My write up of "Carnage on the Cheoah" for the Chota newsletter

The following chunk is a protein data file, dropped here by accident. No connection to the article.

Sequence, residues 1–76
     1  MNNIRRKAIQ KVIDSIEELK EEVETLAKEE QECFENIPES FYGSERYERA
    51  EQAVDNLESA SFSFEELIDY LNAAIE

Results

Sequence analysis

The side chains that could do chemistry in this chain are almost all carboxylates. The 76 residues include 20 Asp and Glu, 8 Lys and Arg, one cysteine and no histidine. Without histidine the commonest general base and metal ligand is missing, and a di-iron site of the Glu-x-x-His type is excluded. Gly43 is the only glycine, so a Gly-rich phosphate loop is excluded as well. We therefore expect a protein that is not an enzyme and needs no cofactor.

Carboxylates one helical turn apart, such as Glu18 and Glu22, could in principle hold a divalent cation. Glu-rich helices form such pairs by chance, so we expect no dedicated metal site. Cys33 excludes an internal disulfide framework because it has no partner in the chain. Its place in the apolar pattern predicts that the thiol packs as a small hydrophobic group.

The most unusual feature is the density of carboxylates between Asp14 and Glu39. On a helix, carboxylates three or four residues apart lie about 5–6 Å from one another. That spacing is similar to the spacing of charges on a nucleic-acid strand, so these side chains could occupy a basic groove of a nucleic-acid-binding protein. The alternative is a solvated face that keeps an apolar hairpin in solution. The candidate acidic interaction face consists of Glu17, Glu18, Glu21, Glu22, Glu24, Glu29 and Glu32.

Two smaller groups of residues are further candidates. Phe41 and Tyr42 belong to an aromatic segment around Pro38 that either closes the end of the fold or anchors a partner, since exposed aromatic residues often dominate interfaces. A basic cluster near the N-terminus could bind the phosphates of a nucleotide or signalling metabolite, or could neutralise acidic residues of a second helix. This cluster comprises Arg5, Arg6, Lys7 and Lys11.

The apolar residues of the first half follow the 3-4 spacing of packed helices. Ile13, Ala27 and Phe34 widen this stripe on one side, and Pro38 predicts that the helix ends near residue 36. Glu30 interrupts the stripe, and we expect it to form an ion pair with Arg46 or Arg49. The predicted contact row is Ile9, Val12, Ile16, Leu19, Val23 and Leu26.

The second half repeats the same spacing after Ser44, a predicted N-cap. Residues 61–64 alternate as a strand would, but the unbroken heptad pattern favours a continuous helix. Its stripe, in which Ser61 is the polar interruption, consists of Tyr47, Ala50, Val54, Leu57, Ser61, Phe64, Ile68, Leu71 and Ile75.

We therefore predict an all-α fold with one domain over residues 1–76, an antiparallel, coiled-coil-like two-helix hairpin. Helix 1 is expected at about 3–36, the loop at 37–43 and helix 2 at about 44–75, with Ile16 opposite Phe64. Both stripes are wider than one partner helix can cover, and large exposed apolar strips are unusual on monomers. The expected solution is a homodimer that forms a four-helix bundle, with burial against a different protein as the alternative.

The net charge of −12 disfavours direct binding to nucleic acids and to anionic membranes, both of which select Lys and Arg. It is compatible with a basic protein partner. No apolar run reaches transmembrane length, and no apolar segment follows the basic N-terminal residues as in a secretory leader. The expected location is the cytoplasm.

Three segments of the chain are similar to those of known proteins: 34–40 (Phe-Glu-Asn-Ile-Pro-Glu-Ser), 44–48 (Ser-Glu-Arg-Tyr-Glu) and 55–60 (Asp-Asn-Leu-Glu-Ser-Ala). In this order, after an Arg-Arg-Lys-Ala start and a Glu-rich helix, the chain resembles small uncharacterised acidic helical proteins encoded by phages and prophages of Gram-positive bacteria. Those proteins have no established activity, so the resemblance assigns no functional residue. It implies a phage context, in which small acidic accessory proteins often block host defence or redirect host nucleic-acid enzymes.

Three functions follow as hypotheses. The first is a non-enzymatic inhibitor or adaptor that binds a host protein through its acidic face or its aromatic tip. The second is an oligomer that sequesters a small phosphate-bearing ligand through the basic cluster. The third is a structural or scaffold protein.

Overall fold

With lack of water on Clear Creek, I decided to cancel the trip I had planned for Chota and get another taste of the Cheoah. I had gone to one of the clearing sessions, and missed out on the first release with the shuttle nightmare. I had been back once only to take out about 40% of the way through after a fellow boater got worked in a hole a while, which I saw as a preview of what would happen to me if I didn't get out. This time the plan was to take the raft. That way both Cornett & I could take a look at what no one from around hear can seem to describe to us. Each person's description contradicts the next persons, and the only thing people can agree on if that it is fast, full of trees, and like the water out West. Without the knowledge of the river, I decided to ask Tom (Don Vito) to guide the raft since he had been down the Cheoah 10+ times and seemed to know the lines, and was willing to take us (the most important part). The plan was to meet Tom Rannels, David Howard, Glen Taylor, Russell Decastrone, and Doug Klaras at O'henry's put-in at 11:30. O'henry's is a gravel lot across from Joann’s Gas and grocery that can be used to avoid lots of 2-3 tree dodging in the first few miles of the run. Doug soon called saying all were running late thanks to Cinco de Mayo. Damn Te-killa! Holli, our shuttle bunny (I don't think this is a sexist term, but please correct me if I'm wrong), James Cornett, and I arrived at 11:30 and starting pumping up the raft. Soon Tom showed up and seemed ready to take us down. We waited for another half hour or so for the rest of the gang to show up. Soon we were heading down the river. The first several hundred yards were class 2/3 with lots of brush and trees. James, Tom, and I planned out how we would guide the boat. The first rapid of consequence was Take-out rapid. This rapid was named because many people chose to take-out here during the test releases. I had run this rapid in my single boat before, and I knew it was "game on". We charged through the entrance and over a big drop into a huge hole. The boat punched through it, and we feverishly paddled downstream. Then five yards later the next drop had an equally big hole. We hit that on at a bit of an angle, which caused us stay in the hole for a second, but thankfully we popped right out. Just as I was about to be relieved, I realized that this was just the start. We worked well together missing most of the islands, brush, trees, etc. There were several times we had to cross the river between rapids to stay on course. This required raft eddy hopping. I'm glad we made all the moves. Tom was doing a great job. We bounced down the congested riverbed, through never-ending white water, wondering what would happen when things picked up. We soon made it past where I had taken out previously and were headed for Land of Holes. Land of holes was maybe ¾ of a mile of whitewater with some decent ledges every now and again. There were many holes that would be quite intimidating in a single craft, which were easy to punch through in the raft. We easily made it through this and waited for the group to catch up. We soon went under the bridge indicating the gradient would be picking up considerably. We ran some tight lines through the obstructed streambed. You could only see the line at the last minute, and you would often need every stroke to get on line. In the next eddy, I watched the guy who was parked next to me at O’Henry’s swim to shore as his boat flushed downstream. We offered him a lift and headed downstream. He had 2 friends chasing his boat, but with the fast water, it was an effort in futility. We watched as his boat disappeared around the next bend. Off we went! Things were starting to come at us faster and faster. We ran through a rapid Tom’s had told us about, but we had no time to do anything but react once we arrived. We made it through some more decent water, when Tom caught a micro eddy on river right. I was apprehensive as it wasn’t much of any eddy. Tom said we were right above entrance to the “Big One”, and that our guest needed to get out if he wanted to get his boat.. He thanked us as we charged downstream. We worked our way through entrance successfully, but we were far river left, and need to ferry far river right to line up for the “Big One”. We barely made the ferry and blindly headed into the rapid. As we were ferrying I could see the rest of the gang had gotten out to scout. 30 feet and half a world away! We charged into the rapid a little right of the line. While in a kayak the water will blow you left, this is not the case in the raft. The pictures tell the rest of the story on this one. I was just glad the boat was upright & Cornett appeared at the surface at the bottom. I tried to pull Cornett back in, but it was Tom who got him back in. It was a this point I realized we only had one paddle left, so I jumped to the front of the boat and desperately worked to get the boat to go left. As I paddled one of our paddles popped up. I grabbed it and threw it to Tom. We had made it left away from the mega nasty hole on river right, but were now lined up for the West Prong line. Tom had no time to describe this beforehand as we were self rescuing, but when I saw 3 distinct horizon lines in a row, I knew where we were. The routes were about 4 feet wide and with the boat being 5 feet wide, I’m glad we had the speed. On the 2nd drop a left to right move we got spun around then pinned down stream. At least we made it through the drops and were able to rest and unload an extra paddle I had stored. After gathering our breath we unpinned the raft and headed downstream. We caught an eddy and waited for the rest of the gang. When we got to Topaco Lodge we ran far left though the biggest holes, big fun!. We charged under the final bridge, and headed for the lake. We lined up for yard sale, which is 2 drops with big holes on the left, and one drop without a big hole on the right. Tom opted for right line to avoid the big holes. Only problem was that the pour over on the right was only 4 feet wide. A rock grabbed the boat and through us sideways into a hole and sent us all swimming. We were all able to get the next eddy and recover the raft and 2 of the 3 paddles. Skully, who was hand paddling showed up just in time to laugh at us and offer us Jayrockin’s paddle so we could make it to the lake. You see Jeremy had decided to swim the “Big One”, and Skully had recovered his paddle. With water this fast, it’s nice to have friends to chase after your stuff. From there just some Class 3 stuff till the lake. When we hit the flat water I was glad to see Holli found a spot on lake left which keeps the flat water to a minimum. When deflating the raft I found a 6-inch tear, and a puncture mark. Last time it was a 14-inch tear between the self-bailer holes of James’s ducky. This river proves ruff on the equipment. Anyway thanks again to Tom who proved not to be “dangerous” as others have stated, and to those who tries to run with us. This is an awesome run that could use some more brush clearing.